Class for bcrypt / 1-way encryption
It would be great if Yii had built in functions for using bcrypt to hash passwords (PHP ‘crypt’ function, available since 5.3). It is slow and includes a work factor to keep up with increases in computing power. I recently read this article, and a lot of people on stackoverflow are advocating bcrypt:
In my own Yii application, I’ve implemented the following class as a component that I use for saving passwords and authentication:
Blog Demo from Yii install needs to be updated
The blog demo included with the Yii installation is using md5($salt.$password). Eeek! That should be updated so it is using stronger encryption.
Docs Needed: An article about storing passwords
People are still using MD5, and this is a problem. Sometimes it is without a salt, and these passwords can easily be looked up with a rainbow table. Even with a salt, it’s vulnerable to dictionary and brute-force attacks. I blame a lot of the lackluster PHP tutorials and scripts that litter the web. The more education and default-functionality that can be done on this, the better. I’m not a security expert either, and I am trying to work with the best information available.
Just adding: There is the phpass project implementing strong(er) password storage while still allowing to fall back to MD5. I’ve been planning to write a Yii-extension for that. Of course, if it’ll be all the better if this is done in vanilla Yii
Actually, there isn’t any password hashing method in the Yii framework. The blog demo uses md5() and it could be better, but it’s just demo code, not framework code. Moreover, Yii actually uses PHP 5.1+, while crypt() (with support for decent algorithms) is 5.3+.
Really? Then what is the purpose of CSecurityManager?
There isn’t any specific password hashing method inside CSecurityManager, indeed the blog demo doesn’t use any CSecurityManager feature.
It mainly contains encryption/decryption and HMAC computation facilities.
A little… but… well, HMAC computation is a kind of hashing but usually you don’t use it to hash passwords. Moreover, PHP 5.1.2+ provides a built-in HMAC method, so it’s just legacy support for PHP 5.1.0 and 5.1.1.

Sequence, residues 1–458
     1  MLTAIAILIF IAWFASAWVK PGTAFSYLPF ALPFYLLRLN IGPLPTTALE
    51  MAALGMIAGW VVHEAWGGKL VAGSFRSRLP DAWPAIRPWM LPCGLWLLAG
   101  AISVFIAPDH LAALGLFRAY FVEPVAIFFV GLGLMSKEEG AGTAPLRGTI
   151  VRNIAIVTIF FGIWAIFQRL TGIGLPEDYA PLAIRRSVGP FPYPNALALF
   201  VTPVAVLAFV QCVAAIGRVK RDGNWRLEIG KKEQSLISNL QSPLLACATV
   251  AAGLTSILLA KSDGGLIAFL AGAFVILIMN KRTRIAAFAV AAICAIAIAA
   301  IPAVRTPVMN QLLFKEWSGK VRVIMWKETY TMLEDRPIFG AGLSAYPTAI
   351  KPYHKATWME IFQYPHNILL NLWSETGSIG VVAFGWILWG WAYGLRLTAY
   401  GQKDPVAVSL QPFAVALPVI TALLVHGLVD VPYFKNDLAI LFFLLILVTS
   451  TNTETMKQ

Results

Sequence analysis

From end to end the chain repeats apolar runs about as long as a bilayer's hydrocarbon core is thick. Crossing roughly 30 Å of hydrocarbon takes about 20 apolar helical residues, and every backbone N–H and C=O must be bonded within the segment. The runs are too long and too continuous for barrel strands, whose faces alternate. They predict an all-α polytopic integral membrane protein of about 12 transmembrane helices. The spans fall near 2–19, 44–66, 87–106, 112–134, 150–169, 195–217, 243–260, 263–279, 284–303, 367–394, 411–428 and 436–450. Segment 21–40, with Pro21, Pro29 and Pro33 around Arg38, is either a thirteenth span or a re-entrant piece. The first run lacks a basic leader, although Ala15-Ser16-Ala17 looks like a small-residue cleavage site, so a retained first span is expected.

I actually thought that CSecurityManager was for hashing as well, and that it just didn’t have a good explanation. Then I realized it was for 2-way encryption, not 1-way encryption. It has encrypt and decrypt.
I’d vote for adding a secure hashing method like bcrypt to CSecurityManager.
Agreed, Yii should encourage higher security algorithms, at least better e.g. MD5:-)
SSHA with variable salt may be good replacement for MD5, it is significantly more secure and still fast:
The bcrypt function from above:
seems to be written only for *nix, not windows and I think it is too slow.
I don’t think there’s a need for adding a special hashing method to CSecurityManager. bcrypt just does some expensive stuff to make cracking slower. The same can be done with sha1(). Just iterate the function 1000 times for example. I think each individual developer should implement any additional protection if a simple sha1($password) is not enough. Also PHP 5.3.2+ supports native bcrypt with rounds and iterating hashes (see Example #3).
The blog demo is like already noted just a demo. If one wants to use the blog in production, then modifictions should be done by the individual developer if needed.
I suppose it isn’t necessarily needed as part of Yii. Implementing the class I mentioned was real easy and uses the crypt function you mention, plus a few functions for generated a salt and verifying. I do think that an article should be added to the Guide about storing passwords.
Well, I kinda disagree with this. As a demo, it can be really basic, but I also think it has a responsibility as something official, to be setting an example for security. Beginners will often use or modify demos/examples and put them online, without knowing fully how they work. There can be a footnote that says, ‘…and make it secure’, which is expecting the developer to know how to do this, which isn’t always the case (just look at some recent hacks of some large websites; some even stored passwords in plaintext).
Follow-up: There’s now a wiki article covering Yii and phpass.